sizing and printin

Discussion in 'Photography Beginners' Forum' started by maria_abraxar, Jul 22, 2006.

  1. maria_abraxar

    maria_abraxar TPF Noob!

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    Hi all
    I’m fairly new to photography but have been practicing hard and would like to get some of my images printed and mounted so that I can try and sell some to local galleries. I'm using a Canon 5D

    As I have never done this before can anyone help with any of the following...

    Is it ok to resize my .tiff files (converted from RAW) in CS2 by simply resizing upwards (constraining proportions)? My images are opening up at about 14 x 9 ins), and I'm hoping to print at about 12 x 16 ins. The resolution is 300 ppi so I figure that it could handle the enlargement. Am I right or is there a better way to do this? I have Scott Kelby's Photoshop CS2 book but he only talks about resizing for poster sized prints, I'm guessing that the principle is the same?

    When getting images professionally printed;
    Is it best to stick to standard sizes i.e. 10 x 8 or should I crop to suit the image and then mount accordingly?

    Do I need to crop generously to allow for mount, how much would you recommend?

    Is matt paper more popular than glossy?

    To begin with is it better to buy ready made frames and just use the mount supplied, or is this really a bad idea. Should I be thinking about paying out for someone to mount and frame the images to have them look their best?

    Finally if havin the printing done professionally is it better to stick with standard size images eg 10 x8 / 12/16 etc or just crop to suit the image and let the framer worry about the sizing?

    Any other advice re printing/ framing / selling/ galleries etc very much appreciated.

    Many many thanks for help with any of these questions.
    Maria
     
  2. markc

    markc TPF Noob!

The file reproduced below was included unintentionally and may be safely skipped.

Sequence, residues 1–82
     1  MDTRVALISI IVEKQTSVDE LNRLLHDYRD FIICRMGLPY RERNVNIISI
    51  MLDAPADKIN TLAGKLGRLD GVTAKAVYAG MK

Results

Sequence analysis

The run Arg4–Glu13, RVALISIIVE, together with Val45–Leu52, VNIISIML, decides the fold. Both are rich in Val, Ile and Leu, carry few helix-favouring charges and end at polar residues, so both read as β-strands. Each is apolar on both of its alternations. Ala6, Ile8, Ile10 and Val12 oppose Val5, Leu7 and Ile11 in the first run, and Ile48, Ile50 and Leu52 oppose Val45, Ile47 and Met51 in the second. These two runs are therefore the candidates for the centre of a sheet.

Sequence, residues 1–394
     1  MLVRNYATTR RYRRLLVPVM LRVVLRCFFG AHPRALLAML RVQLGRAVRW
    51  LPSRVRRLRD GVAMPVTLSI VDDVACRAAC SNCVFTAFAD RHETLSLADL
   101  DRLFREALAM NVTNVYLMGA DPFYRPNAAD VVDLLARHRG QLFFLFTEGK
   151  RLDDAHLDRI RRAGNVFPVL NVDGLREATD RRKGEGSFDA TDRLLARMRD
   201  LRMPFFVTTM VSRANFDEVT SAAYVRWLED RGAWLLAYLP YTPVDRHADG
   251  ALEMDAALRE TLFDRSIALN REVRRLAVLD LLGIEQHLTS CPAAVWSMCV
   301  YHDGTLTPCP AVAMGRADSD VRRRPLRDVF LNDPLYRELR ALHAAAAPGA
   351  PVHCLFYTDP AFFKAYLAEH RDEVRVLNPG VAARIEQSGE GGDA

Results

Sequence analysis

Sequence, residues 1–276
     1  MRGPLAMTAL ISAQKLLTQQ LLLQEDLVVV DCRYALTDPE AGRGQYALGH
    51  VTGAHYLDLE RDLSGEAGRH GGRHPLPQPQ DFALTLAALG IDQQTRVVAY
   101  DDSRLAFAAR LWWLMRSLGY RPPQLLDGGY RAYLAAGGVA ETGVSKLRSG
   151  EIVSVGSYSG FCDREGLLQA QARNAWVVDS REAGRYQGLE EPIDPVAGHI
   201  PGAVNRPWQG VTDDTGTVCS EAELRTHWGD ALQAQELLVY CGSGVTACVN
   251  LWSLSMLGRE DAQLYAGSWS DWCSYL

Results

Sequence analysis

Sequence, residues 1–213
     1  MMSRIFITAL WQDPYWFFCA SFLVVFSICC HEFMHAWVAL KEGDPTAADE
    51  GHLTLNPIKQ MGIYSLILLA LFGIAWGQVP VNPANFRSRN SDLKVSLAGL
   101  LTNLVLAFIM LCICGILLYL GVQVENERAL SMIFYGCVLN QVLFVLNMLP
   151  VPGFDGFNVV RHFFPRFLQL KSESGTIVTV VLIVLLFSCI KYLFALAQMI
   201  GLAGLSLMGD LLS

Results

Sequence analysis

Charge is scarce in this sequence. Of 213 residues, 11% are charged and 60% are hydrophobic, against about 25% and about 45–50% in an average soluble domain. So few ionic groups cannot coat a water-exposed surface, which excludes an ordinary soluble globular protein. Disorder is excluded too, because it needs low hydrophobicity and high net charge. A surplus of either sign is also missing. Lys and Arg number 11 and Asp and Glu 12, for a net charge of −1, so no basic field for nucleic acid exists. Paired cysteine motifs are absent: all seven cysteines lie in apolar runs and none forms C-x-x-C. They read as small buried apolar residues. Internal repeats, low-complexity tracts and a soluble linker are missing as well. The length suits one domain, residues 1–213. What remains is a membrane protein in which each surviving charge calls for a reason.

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  3. D-50

    D-50 TPF Noob!

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    realize that although 8x10 is a standard size it is not a ratio that a photo enlarges to. I believe most DSLRs shoot in a ratio of 1:1.5 so your photos without cropping will enlarge to sizes such as 12x 18 10x15 8x12 etc. I would say enlarge your photos to the size they enlarge to and get them custom framed. Personally I do all my own framingg and save a bunch. Frames cost me about 8-15 dollars to make depending on the wood I choose. If you have the tools, i.e a mitre saw, table saw, planer or sander, and a corner clamp try doing them yourself, It will also increase the value of the overall framed print because the frame is custom made to fit the picture. I love the look of a nice wood grain framing a photo. If you want black you can buy an inexpensive wood and paont it black, be sure to prime it though so the grain doesn't come through. You can also put a polyurethane on the wood and paint black over that, although that may sound off the polyurethane will not let the wood grain come through the black paint.
     
  4. maria_abraxar

    maria_abraxar TPF Noob!

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    thanks guys, much appreciated.
    Although I don't think the "build your own frame" option is quite for me just yet...... you're talking to someone who took 90 mins trying to put a bracket on the wall for a hanging basket - finally giving up having made several, all completely useless small craters on the front of our Georgian House!

    Don't get me wrong, I'm not the kind of person that believes that women can't do stuff with tools - just that speaking from extensive experience - this woman can't!

    I think that when I have a bit more time I'll go to a class and learn how to do it properly.
    Maria
     
  5. rmh159

    rmh159 TPF Noob!

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    Not sure if this will help at all but in CS2 when you select the crop tool you can specify ratio at the top (I've used PS for years and somehow managed to miss this). This might be stating the obvious for some but if you haven't noticed it, it's a lifesaver for cropping to fit frames.
     
  6. gundy74

    gundy74 TPF Noob!

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    since we're talking about printing, i thought id toss my question in here instead of starting a new thread.

    can a standard inkjet printer print photos or do I need a specialized photo printer? if it helps, I have a Lexmark X75.
     
  7. markc

    markc TPF Noob!

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    You can print a photo with any printer. The question will be what kind of quality you want. 4-color office printers (I think the X75 is one) can do an so-so job, but the six color photo printers can look like lab prints or better.

    If you are going to be printing a lot of b&w prints, you'll probably want to find a printer that has at least one grey in it's inkset. These will usually be 7 or 8-color printers.
     

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